Stoiber doesn’t expect the federal government to change maximum nitrate levels in the future. She said states do have the ability to set more restrictive levels than the national level, though she isn’t aware of any that have done so, including New Mexico.
Nitrate in New Mexico
Millions across the country would be impacted if the Environmental Working Group had its way and changed the recommended max of nitrate in drinking water from the current federal limit of 10 milligrams per liter to 0.14 milligrams per liter.
In New Mexico, 355 utilities serving almost 1.7 million people were above the Environmental Working Group’s recommended max for nitrate and nitrite (similar to nitrate but more toxic) in March 2021.
The group estimates that almost 13,000 cases of cancer per year in the state could be due to nitrate.
And state inspection of agricultural discharge into groundwater sources that can cause nitrate is lagging. Many of the agricultural discharge permittees are located in rural areas of the state, and dairies alone are allowed to produce over 4 million gallons of discharge.
Roosevelt County has the highest amount of active agricultural permits in the state. Its most recent maximum nitrate levels were recorded at 3.37 parts per million, according to the county’s 2021 Water Quality Report.
Monsoon season is also ongoing in New Mexico, where rains can increase runoff that leads to excess contamination. This can be difficult to measure, Stoiber said.
Elevated nitrate levels can occur in New Mexico’s more urban areas, too. The five most populated cities and their maximum nitrate levels are shown below with data from the cities’ most recent Consumer Quality Reports.
Santa Fe’s levels have increased over the past couple of years and are especially high in relation to other cities. The city’s 2021 Water Quality Report attributes increased levels like this to rainfall and agricultural activity.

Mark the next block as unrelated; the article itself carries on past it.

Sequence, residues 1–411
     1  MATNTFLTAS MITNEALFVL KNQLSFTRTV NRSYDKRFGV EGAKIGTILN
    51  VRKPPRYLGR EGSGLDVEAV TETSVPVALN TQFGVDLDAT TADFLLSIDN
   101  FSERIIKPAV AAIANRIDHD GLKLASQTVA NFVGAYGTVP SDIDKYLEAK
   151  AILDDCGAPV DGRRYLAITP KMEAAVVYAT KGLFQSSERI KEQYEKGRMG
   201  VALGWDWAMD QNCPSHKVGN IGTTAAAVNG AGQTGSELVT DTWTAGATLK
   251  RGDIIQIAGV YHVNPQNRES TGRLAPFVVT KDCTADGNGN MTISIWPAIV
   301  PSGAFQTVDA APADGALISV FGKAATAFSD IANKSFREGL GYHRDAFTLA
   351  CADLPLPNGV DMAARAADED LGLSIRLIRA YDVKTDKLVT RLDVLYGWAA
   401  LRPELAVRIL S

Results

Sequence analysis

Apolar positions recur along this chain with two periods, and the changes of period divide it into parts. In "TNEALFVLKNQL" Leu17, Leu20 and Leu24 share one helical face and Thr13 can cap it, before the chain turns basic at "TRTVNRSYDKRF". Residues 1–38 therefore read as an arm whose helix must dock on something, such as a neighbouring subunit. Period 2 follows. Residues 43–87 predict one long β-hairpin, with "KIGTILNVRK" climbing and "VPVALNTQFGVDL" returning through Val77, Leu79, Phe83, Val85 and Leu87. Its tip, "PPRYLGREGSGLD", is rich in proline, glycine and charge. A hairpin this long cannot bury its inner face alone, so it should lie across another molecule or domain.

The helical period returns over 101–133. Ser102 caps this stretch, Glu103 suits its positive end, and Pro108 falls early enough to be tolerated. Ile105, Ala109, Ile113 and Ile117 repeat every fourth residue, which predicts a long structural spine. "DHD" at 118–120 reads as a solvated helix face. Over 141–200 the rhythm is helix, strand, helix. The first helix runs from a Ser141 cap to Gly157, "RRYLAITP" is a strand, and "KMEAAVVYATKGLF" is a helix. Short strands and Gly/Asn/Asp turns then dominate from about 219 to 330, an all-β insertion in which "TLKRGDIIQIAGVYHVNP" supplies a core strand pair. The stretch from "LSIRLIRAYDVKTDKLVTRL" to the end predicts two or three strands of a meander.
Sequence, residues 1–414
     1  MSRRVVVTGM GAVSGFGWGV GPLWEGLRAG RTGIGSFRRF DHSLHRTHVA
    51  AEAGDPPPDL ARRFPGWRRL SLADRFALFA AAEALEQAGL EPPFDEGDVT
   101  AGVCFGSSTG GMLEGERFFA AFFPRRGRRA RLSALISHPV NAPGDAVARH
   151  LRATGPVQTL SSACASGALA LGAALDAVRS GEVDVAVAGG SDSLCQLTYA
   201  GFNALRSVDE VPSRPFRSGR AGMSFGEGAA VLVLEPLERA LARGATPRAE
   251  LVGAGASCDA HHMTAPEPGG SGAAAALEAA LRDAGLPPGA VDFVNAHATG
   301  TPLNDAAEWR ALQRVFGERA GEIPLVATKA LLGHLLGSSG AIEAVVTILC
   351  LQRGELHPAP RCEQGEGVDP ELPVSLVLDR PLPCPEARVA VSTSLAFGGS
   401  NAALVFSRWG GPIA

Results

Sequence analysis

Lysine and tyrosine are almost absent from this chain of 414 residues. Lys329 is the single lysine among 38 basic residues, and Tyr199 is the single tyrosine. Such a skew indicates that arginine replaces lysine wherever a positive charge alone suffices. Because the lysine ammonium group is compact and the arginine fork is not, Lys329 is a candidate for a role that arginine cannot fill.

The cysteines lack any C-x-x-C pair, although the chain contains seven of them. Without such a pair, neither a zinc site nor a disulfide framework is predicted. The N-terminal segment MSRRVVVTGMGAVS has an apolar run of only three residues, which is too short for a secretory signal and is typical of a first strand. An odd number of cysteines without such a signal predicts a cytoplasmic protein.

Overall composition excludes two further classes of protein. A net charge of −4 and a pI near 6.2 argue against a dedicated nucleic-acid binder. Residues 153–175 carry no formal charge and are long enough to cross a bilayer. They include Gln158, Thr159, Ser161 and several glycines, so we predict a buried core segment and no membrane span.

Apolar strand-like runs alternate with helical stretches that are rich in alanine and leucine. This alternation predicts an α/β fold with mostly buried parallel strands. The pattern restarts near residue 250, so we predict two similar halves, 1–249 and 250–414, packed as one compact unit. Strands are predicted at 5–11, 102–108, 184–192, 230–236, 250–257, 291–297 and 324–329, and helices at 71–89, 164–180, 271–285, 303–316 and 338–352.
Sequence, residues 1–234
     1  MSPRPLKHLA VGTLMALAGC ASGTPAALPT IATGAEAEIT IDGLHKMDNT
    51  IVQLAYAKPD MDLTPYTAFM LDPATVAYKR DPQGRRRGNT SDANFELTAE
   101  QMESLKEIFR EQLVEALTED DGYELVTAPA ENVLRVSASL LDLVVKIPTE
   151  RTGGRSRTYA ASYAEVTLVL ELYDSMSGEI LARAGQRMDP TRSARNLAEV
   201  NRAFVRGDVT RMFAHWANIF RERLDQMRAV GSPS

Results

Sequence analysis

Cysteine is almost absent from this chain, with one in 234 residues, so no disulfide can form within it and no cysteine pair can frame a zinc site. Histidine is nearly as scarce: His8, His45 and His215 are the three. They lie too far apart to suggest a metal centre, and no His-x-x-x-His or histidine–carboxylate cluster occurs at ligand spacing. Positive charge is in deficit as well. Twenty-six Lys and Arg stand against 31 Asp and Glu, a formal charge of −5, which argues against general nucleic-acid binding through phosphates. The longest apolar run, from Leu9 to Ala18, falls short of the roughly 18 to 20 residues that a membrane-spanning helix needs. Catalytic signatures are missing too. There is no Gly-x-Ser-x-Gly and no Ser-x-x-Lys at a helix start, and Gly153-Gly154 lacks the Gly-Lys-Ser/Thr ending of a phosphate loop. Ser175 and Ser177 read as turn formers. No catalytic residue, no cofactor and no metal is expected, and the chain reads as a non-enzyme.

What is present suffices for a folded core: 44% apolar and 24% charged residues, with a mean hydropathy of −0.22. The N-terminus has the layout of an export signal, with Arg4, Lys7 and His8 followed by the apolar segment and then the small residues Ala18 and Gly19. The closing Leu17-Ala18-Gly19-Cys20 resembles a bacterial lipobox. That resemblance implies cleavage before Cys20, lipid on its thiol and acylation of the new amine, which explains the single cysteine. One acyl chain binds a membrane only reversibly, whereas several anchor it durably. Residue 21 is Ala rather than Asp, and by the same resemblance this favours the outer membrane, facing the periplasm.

Lack of info on private wells
Over 170,000 New Mexicans depend on private wells for drinking water, according to the N.M. Environment Department. It’s up to those private owners, not the city or state, to test their water quality.
But because of the lack of testing requirements and the expensive nature of testing, most people don’t test their own wells regularly, Stoiber said, which has led to a lack of data about contaminants in private wells.
“There's not a lot of requirements for testing, and so most people don't do it,” Stoiber said. “It's expensive, and you assume that your water is probably pretty good.”
Nitrate treatment costs
The Water Systems Council, a national nonprofit with a focus on private wells, recommends reverse osmosis to treat high nitrate levels, which costs around $800.
If private systems do have contaminants, treating it can get costly. Filtering out nitrate contaminants requires complex technology, Stoiber said, and specific systems are needed to do reverse osmosis or ion exchange.
New Mexico hosts water fairs throughout the year where owners of private wells can get their water tested for nitrate and other chemicals for free. Upcoming events can be found on the New Mexico Environment Department calendar. If treatment is needed, it’s up to the owner to pay for it.
“Private wells — you won't know what's in your well unless you test it,” Stoiber said.
Our stories may be republished online or in print under Creative Commons license CC BY-NC-ND 4.0. We ask that you edit only for style or to shorten, provide proper attribution and link to our web site.